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July selection to begin in trial for 2nd parent in Michigan school shooting case

MICHEL MARTIN, HOST:

The second part of an unusual case begins today when James Crumbley's trial gets underway. He is the father of that Michigan teenager who murdered four of his classmates and wounded several others in 2021. James Crumbley faces four counts of involuntary manslaughter. Last month, a jury found his wife, Jennifer Crumbley, guilty of identical charges. They said she had not done enough to stop her son's rampage at Michigan's Oxford High School. Quinn Klinefelter from member station WDET has been following the story, and he's with us now. Good morning, Quinn.

QUINN KLINEFELTER, BYLINE: Hello, Michel.

MARTIN: So, Quinn, I said this case is unusual because Jennifer Crumbley's conviction marked the first time that a parent was held criminally responsible for a school shooting. So the charges against James Crumbley are identical. Is there any way in which the trial against the father will be different?

KLINEFELTER: Well, you're right about all of that. First, let's talk about the similarities. Early on, prosecutors said that both parents should have known their son had mental health issues and should have gotten him help. They also said that instead of getting their then 15-year-old son, Ethan, help, they bought him a powerful handgun as a Christmas present, and they didn't keep it locked away. So that's likely to be an argument again. What will be different now is the argument over who's at fault for not keeping the gun locked away. In her trial, Jennifer Crumbley made a point of saying it was her husband who was supposed to keep the weapons secure. And even during closing arguments, her attorney, Shannon Smith, argued that Jennifer Crumbley didn't really have much to say so when it came to the gun.

(SOUNDBITE OF ARCHIVED RECORDING)

SHANNON SMITH: James was the parent responsible for all of the storage of the guns. She didn't object to buying the gun that James and Ethan were interested in. She didn't object to calling it Ethan's Christmas gift.

MARTIN: Well, OK, so the jury did find Jennifer Crumbley guilty, though. How are prosecutors moving forward in this case against the father, James Crumbley?

KLINEFELTER: Well, the prosecution already told the court they're going to present one of the key batches of evidence that they used against Jennifer Crumbley. That's entries from a journal that their son Ethan kept and text messages he did with a friend where he said he wanted to see a doctor, but his parents wouldn't take him. In fact, one message said his father, James, just gave him some pills and told him to suck it up.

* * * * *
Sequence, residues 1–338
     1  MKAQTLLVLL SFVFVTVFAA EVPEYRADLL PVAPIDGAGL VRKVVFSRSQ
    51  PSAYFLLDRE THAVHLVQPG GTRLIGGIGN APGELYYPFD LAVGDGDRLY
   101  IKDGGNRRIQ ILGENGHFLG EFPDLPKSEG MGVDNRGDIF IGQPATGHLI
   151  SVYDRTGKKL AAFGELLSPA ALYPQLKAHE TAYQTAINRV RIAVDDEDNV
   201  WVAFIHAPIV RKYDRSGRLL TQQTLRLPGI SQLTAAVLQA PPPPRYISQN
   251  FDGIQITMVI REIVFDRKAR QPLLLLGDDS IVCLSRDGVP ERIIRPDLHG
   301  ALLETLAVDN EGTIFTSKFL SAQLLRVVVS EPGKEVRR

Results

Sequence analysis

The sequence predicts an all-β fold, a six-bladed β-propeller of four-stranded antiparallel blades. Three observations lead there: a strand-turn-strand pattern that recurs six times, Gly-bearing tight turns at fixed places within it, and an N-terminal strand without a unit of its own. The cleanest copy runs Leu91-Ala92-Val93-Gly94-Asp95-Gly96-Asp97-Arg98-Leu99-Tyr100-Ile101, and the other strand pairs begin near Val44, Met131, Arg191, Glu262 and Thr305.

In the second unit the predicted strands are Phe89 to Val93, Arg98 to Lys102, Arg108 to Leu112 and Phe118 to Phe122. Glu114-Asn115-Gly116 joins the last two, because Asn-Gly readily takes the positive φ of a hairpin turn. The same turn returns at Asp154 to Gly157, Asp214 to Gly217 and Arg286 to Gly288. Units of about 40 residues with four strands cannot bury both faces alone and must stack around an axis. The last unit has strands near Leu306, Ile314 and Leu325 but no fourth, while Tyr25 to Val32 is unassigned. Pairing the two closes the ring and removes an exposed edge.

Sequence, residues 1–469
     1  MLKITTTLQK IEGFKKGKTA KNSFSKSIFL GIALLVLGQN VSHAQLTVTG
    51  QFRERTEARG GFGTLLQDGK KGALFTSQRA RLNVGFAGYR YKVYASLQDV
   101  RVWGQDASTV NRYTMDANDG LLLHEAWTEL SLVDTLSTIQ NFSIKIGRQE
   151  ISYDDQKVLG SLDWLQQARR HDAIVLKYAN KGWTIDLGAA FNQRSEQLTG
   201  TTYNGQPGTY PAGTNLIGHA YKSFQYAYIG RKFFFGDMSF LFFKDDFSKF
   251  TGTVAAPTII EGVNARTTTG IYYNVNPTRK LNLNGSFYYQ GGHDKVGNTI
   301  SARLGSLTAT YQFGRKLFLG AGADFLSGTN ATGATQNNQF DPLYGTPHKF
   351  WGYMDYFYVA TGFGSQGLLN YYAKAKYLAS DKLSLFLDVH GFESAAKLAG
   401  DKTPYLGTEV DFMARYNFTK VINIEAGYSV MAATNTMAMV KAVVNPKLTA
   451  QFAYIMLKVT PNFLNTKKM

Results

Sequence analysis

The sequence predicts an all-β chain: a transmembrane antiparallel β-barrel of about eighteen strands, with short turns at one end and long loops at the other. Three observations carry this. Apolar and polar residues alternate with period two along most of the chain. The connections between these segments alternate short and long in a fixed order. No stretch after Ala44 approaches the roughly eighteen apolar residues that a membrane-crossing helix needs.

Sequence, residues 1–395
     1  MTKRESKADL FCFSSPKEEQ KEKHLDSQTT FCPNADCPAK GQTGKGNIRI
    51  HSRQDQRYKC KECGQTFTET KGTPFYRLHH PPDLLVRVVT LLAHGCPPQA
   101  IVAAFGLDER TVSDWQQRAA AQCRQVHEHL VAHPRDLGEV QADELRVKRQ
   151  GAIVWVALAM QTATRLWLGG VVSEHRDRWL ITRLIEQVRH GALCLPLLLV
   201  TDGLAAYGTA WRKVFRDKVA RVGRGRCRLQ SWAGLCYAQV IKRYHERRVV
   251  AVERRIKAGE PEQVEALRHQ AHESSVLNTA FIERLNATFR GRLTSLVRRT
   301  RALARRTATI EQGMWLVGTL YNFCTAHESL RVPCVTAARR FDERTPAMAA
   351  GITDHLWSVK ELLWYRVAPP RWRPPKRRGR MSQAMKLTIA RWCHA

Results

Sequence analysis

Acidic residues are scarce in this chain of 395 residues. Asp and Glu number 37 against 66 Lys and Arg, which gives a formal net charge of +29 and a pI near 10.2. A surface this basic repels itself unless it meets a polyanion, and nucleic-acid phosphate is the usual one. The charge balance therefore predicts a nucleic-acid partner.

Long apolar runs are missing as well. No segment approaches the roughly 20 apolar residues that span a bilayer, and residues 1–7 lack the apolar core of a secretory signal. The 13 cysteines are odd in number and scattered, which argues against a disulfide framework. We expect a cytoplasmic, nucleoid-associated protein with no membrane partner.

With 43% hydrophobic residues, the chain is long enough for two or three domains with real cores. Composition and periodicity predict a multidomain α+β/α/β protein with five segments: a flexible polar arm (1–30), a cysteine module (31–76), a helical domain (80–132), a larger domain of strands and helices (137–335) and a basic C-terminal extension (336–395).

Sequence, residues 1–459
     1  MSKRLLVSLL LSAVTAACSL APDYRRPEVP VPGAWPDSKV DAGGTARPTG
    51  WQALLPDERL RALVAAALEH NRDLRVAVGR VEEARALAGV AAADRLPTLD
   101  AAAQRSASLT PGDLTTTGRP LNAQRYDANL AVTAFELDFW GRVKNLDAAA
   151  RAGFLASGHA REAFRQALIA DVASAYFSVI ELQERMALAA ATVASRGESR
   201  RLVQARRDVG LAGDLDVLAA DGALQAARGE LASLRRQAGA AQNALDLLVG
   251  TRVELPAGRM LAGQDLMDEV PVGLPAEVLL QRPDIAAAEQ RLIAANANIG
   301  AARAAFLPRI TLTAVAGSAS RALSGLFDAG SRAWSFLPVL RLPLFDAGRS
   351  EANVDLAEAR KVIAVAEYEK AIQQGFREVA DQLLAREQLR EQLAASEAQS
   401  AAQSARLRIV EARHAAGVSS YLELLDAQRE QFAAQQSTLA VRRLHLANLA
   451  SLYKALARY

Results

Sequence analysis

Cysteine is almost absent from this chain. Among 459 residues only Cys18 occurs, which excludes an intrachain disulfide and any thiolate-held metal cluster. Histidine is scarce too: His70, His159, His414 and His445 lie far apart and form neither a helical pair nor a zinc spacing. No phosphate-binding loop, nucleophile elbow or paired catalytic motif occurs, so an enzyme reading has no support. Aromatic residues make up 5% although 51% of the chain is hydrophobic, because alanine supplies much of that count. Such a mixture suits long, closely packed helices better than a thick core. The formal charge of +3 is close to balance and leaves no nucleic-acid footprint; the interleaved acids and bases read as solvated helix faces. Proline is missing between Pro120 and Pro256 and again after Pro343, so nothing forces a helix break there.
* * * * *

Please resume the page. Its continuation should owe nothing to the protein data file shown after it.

MARTIN: So Ethan Crumbley is serving a life sentence without parole. He pleaded guilty to the shooting. He didn't testify at his mother's trial. Do we have any sense of whether he's likely to do so in this trial?

KLINEFELTER: Yeah. Probably not. Remember, one of the reasons prosecutors said they charged the Crumbleys with involuntary manslaughter is because they should have reasonably known that their son needed help, but they did nothing. James Crumbley's attorney argues that he never knew about those messages and that they should not be used as evidence anyway, because the one person who could give firsthand information about what happened, which is their son, Ethan, is refusing to testify in his parent's trials. Ethan Crumbley may appeal his life without parole sentence, and his court-appointed attorney is advising him to use his Fifth Amendment right against self-incrimination if he's somehow forced to take the stand. And in Michigan, if an attorney calls a witness they know will take the Fifth, it's a mistrial.

MARTIN: Briefly, Quinn, the jury selection begins today. There's been so much attention, you know, on this case. Is it going to be hard to seat a jury?

KLINEFELTER: Maybe. Experts think it'll be hard to find a prospective juror who's not heard something about the case and already formed some kind of an opinion about the parents' guilt or innocence. The judge is granting the attorneys extra what's known as preemptory challenges where they can dismiss somebody, though, from the jury pool without giving any cause for it.

MARTIN: That is WDET's Quinn Klinefelter. Quinn, thank you.

KLINEFELTER: You're welcome. Transcript provided by NPR, Copyright NPR.

NPR transcripts are created on a rush deadline by an NPR contractor. This text may not be in its final form and may be updated or revised in the future. Accuracy and availability may vary. The authoritative record of NPR’s programming is the audio record.

Michel Martin is the weekend host of All Things Considered, where she draws on her deep reporting and interviewing experience to dig in to the week's news. Outside the studio, she has also hosted "Michel Martin: Going There," an ambitious live event series in collaboration with Member Stations.
Quinn Klinefelter